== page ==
Here is the fundamental question: If there is not a Web site for it, does it exist?
In my world of policy wonk overachievers, the answer seems to be no. Almost nothing happens in the public sphere without an accompanying URL directing you to many pages of text, photos and increasingly, video. A governor announces a new program--a new Web site is the place to go for all the details. A major news story breaks--pictures, text and video are updated hourly on a brand new site. Thanks to wildly popular social networking sites such as MySpace and Facebook, even the intensely personal aspects of life become available to anyone with Web access.
So it is not a surprise when even a rather unexciting government agency such as the IRS creates a new Web site. Still, perhaps muted plaudits are due the agency's office of Exempt Organizations (EO) for stepping outside the safe boundaries of simply converting dishwater dull instruction booklets to HTML or PDF files and calling it an online resource. A bit of originality in the EO office is evident in its new site at www.stayexempt.org, which contains a lot of information for tax-exempt organizations about how they can maintain their exemptions and meet their filing requirements.
First, the domain name itself is descriptive. Too many government Web sites have URLs as intuitively obvious as Anglo Saxon runes: www.irs.gov/def.340*!/qwerty/faq.but.not.so/really. Obviously, somebody in the office gave some thought to how people use their browsers and insisted on a separate home page for the "Stay Exempt" project instead of burying it somewhere in the www.irs.gov site where users would have to click five or six times to find it. That decision alone increases the site's effectiveness.
Second, the site's designers opted to engage the user with a bit of entertainment--a very little bit--as it tries to convey a lot of basic tax information through a series of five modules, each focusing on a different aspect of the tax-exempt sector. Believe it or not, the site contains a bit of animation featuring cartoon characters such as Vernon, a volunteer for a charity. He actually talks to you as he introduces the first module on tax-exempt status. Later, you meet several other characters, including Coach, "a brilliant, straight-talking IRS agent," who articulates points of law. As you progress through each course you are presented with a few dynamic elements such as a click-and-drag exercise to match up types of organizations with their exemption categories. There is even a (rather clunky) take-off on the Candyland children's board game, called Charitable Organization Land. The graphics are barely a step ahead of the old Atari computer games, and the primitive effects would embarrass a gamer. But the IRS deserves credit for making an effort to engage users.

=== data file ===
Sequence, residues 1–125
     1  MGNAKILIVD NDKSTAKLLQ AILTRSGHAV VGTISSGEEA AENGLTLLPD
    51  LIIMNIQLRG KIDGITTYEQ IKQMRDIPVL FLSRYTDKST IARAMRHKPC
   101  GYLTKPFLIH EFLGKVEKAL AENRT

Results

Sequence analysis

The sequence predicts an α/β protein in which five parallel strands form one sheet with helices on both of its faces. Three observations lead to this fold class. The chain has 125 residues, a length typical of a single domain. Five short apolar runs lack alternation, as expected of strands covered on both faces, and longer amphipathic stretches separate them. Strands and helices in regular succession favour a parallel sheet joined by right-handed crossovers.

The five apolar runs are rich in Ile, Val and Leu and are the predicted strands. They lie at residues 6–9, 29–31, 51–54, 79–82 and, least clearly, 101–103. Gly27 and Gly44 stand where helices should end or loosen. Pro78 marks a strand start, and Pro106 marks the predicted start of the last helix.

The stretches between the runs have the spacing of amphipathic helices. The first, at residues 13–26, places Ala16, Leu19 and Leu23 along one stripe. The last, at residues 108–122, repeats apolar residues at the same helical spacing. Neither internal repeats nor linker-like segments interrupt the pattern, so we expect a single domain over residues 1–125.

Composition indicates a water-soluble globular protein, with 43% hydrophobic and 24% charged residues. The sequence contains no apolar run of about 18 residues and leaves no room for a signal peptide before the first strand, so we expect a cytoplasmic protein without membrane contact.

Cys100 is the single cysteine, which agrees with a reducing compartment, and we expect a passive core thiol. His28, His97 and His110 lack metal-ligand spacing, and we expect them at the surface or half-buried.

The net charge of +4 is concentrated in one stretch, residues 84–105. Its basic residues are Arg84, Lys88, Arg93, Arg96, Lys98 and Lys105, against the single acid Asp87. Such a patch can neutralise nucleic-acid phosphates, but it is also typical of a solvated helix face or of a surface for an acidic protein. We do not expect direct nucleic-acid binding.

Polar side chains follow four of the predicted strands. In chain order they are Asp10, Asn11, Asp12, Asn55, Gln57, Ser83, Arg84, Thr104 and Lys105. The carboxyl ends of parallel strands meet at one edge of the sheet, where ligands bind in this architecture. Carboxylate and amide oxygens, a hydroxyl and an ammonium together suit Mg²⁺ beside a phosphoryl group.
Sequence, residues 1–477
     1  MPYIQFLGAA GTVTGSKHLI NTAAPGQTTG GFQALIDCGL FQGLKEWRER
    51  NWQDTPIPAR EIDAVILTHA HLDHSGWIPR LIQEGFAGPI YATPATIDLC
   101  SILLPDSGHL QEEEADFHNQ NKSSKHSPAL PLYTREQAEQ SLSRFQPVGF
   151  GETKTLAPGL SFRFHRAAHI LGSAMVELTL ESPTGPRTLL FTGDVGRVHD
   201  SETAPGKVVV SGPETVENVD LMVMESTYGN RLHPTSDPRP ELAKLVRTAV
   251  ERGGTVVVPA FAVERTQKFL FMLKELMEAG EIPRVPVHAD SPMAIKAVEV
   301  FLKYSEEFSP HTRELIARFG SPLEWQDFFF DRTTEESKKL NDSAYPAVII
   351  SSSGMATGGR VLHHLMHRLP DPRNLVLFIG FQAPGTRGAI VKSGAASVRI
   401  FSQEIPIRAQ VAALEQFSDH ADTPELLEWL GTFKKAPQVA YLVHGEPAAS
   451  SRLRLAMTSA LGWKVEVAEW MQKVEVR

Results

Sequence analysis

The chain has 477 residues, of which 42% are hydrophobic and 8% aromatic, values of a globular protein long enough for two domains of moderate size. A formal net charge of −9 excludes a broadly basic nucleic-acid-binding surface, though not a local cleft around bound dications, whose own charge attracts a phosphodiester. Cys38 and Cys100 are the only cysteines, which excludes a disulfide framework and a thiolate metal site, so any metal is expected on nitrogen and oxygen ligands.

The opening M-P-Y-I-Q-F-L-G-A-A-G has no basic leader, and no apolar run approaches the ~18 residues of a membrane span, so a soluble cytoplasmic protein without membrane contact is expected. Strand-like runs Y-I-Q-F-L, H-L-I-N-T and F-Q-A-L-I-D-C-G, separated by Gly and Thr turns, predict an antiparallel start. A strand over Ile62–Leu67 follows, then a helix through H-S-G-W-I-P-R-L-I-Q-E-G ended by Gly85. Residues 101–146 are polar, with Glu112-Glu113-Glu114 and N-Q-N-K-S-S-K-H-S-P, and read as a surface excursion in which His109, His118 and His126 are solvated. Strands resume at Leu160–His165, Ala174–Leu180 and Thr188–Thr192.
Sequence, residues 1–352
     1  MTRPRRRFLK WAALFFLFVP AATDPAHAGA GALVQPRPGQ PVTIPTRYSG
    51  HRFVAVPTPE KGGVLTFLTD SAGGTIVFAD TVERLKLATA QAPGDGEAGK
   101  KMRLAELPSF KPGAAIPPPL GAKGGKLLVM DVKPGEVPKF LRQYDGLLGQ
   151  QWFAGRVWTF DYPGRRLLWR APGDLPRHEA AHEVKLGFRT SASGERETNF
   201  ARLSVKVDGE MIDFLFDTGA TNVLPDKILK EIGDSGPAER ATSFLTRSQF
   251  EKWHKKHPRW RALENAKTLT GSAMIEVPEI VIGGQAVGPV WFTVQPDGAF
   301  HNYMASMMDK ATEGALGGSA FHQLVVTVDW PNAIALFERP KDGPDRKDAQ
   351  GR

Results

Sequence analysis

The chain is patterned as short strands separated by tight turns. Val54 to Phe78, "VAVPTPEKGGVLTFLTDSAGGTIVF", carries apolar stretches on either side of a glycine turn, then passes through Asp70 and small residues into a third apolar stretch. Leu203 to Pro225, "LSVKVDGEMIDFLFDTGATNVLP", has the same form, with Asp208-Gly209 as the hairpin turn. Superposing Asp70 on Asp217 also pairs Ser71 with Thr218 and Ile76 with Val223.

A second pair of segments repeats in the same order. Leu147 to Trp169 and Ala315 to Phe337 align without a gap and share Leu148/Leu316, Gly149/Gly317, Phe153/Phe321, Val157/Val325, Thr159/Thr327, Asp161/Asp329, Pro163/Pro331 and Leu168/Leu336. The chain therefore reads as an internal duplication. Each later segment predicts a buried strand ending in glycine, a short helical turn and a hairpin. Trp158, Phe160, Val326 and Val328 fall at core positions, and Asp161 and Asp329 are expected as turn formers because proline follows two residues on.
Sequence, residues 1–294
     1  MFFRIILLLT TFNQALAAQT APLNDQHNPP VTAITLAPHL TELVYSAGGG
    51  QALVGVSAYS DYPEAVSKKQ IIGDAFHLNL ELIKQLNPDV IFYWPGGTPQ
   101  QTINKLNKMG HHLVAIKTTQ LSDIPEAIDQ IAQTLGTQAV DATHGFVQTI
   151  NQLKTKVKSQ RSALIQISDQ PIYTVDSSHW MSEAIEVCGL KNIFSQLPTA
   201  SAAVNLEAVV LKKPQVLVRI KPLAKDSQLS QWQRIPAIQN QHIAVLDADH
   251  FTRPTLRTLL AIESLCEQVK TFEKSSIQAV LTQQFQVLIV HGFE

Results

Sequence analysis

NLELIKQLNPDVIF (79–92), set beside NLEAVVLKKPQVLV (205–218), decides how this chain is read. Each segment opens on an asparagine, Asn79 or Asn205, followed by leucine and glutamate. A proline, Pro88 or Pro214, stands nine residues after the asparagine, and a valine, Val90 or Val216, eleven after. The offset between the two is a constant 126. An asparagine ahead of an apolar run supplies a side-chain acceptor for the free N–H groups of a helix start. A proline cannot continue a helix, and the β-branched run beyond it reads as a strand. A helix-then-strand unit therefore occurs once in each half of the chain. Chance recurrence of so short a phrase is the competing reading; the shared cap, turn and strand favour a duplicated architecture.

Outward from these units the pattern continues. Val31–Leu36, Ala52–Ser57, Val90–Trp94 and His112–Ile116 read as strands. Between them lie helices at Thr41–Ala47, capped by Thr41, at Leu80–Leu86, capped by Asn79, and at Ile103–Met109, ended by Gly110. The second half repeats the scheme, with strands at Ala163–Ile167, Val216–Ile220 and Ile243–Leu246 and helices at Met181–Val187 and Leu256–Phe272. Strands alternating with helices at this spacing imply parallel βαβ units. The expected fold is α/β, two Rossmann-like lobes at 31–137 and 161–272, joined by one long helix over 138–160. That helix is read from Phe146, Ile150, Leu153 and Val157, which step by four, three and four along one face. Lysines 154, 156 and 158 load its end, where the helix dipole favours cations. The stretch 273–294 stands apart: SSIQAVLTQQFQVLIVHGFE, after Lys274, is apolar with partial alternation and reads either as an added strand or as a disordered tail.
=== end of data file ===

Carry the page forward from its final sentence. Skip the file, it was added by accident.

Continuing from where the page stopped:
In addition to the module on exemption, there are four others on unrelated business income, employment issues, Form 990 and required disclosures. Each module is described as a "dynamic" mini-course on the law and takes about half an hour to complete. At nearly each step of each course there is a link taking you directly to the applicable IRS form
StayExempt.org will not win any design awards. But, it is useful for non-profit lawyers who want to refresh their recollection of the law and for any charity executive who wants quick and easy access to the basics and downloadable forms. Regardless of your rank in the non-profit, the site will let you print out your own official-looking Certificate
of Completion. I'm thinking of getting mine framed.
Bruce Collins is the corporate vice president and general counsel of C-SPAN.